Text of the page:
Get rid of the dog!

Soon after I moved out of my parents’ house, I secured a job with a small, carpet-cleaing company in north Georgia. I enjoyed working there, learning to professionally clean, tint, and dye carpet. One day when I went to work, my boss told me that we had a large job to do. When we pulled up to this house, it looked like one of the large, brick mansions that you would see on TV. The owner and his wife were both of the snobby sort, but they gave us the job of cleaning, tinting, and dyeing the carpets throughout their entire house. This job took us two days to complete, and we even cleaned the wool carpet in his Rolls-Royce.
Besides the snobbish couple, there was also a Great Dane that resided in their house. It appeared that the large canine did not go outdoors at all, for everywhere we looked, there were large “doggie deposits” on the expensive carpets. Before we could clean the carpets, we were required to clean up the disgusting doggie doo. However, with a Great Dane loose in the house, we knew that it was just a matter of time before another ‘land mine” would be found.
I have been doing a good deal of thinking lately about the 21st-century Christian, and how they remind me of that wealthy, snobby couple. Christians want to be saved from Hell, but they don’t want to give up their sinful life-style — they are not willing to get rid of the Great Dane. They are wanting to live the life of a child of the King, but allow the Great Dane to continue living with them, and dirtying up their lives. When someone tries to help them by saying, “Get rid of the dog,” they get offended, and say that it’s “part of the family.” When you were saved, you were also sanctified, or rather, set-apart from that mess. If one is saved and cleansed from the filth and condemnation that was caused by sin, why would a Christian want to continue to have something in their lives that stinks and is disgusting? That old life-style WAS a part of you, but you were cleansed, and the Great Dane was put out. He will try to sneak back in. Don’t let him back in, and by all means, don’t invite him back in!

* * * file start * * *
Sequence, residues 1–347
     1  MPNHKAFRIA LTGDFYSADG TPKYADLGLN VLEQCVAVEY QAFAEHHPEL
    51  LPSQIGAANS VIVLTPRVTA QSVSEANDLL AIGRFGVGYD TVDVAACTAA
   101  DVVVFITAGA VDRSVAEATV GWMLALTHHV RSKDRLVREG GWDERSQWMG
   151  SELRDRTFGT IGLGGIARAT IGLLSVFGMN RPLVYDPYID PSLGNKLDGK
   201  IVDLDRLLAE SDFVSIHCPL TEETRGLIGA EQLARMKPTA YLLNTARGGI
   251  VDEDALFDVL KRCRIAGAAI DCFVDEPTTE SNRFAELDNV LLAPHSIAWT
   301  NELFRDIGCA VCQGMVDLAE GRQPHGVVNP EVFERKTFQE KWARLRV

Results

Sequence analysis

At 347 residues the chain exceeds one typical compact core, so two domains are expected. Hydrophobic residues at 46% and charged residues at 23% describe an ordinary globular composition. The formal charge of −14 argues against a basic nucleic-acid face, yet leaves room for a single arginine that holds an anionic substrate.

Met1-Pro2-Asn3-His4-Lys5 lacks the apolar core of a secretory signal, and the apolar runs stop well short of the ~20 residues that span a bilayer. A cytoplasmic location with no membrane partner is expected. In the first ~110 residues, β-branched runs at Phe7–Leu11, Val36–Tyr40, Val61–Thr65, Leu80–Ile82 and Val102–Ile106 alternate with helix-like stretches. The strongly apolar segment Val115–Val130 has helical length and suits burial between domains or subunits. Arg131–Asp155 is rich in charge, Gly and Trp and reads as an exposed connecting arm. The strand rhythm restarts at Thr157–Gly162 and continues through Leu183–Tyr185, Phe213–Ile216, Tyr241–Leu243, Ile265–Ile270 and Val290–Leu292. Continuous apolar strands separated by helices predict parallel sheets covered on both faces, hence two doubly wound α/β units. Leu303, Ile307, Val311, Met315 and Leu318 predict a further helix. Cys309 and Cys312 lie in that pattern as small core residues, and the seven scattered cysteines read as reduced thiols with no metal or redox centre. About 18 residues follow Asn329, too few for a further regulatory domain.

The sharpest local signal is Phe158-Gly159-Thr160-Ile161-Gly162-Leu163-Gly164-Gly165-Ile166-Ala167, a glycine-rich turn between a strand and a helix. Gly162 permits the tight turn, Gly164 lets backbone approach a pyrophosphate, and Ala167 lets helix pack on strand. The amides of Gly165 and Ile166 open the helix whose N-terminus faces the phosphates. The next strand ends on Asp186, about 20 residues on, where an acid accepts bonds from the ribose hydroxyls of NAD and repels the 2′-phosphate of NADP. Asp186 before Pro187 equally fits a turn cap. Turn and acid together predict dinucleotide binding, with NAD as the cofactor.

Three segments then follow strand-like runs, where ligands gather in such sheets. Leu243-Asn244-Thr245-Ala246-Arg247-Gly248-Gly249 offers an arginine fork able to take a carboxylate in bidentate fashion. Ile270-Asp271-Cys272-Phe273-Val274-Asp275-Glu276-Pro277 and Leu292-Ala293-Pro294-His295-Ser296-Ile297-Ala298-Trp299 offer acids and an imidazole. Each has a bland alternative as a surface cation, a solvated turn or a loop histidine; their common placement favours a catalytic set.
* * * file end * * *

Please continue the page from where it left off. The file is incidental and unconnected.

One more word of caution: Don’t replace the Great Dane with an elephant.